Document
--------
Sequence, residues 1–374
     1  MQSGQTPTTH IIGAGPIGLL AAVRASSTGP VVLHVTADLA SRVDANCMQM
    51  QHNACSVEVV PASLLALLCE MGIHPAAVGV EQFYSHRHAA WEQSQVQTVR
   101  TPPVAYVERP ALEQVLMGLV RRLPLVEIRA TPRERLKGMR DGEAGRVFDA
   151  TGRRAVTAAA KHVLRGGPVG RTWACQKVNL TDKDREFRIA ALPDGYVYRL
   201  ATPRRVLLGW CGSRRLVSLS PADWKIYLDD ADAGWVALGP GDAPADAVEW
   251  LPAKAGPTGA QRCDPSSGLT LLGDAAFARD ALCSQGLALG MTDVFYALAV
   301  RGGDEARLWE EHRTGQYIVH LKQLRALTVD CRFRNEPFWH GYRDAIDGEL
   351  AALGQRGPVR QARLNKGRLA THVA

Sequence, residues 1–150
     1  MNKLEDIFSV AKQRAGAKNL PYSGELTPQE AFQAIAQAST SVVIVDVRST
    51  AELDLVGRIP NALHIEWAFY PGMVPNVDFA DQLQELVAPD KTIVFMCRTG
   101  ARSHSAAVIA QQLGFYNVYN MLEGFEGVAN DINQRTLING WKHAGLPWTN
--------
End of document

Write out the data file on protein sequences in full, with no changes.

Sequence, residues 1–374
     1  MQSGQTPTTH IIGAGPIGLL AAVRASSTGP VVLHVTADLA SRVDANCMQM
    51  QHNACSVEVV PASLLALLCE MGIHPAAVGV EQFYSHRHAA WEQSQVQTVR
   101  TPPVAYVERP ALEQVLMGLV RRLPLVEIRA TPRERLKGMR DGEAGRVFDA
   151  TGRRAVTAAA KHVLRGGPVG RTWACQKVNL TDKDREFRIA ALPDGYVYRL
   201  ATPRRVLLGW CGSRRLVSLS PADWKIYLDD ADAGWVALGP GDAPADAVEW
   251  LPAKAGPTGA QRCDPSSGLT LLGDAAFARD ALCSQGLALG MTDVFYALAV
   301  RGGDEARLWE EHRTGQYIVH LKQLRALTVD CRFRNEPFWH GYRDAIDGEL
   351  AALGQRGPVR QARLNKGRLA THVA

Sequence, residues 1–150
     1  MNKLEDIFSV AKQRAGAKNL PYSGELTPQE AFQAIAQAST SVVIVDVRST
    51  AELDLVGRIP NALHIEWAFY PGMVPNVDFA DQLQELVAPD KTIVFMCRTG
   101  ARSHSAAVIA QQLGFYNVYN MLEGFEGVAN DINQRTLING WKHAGLPWTN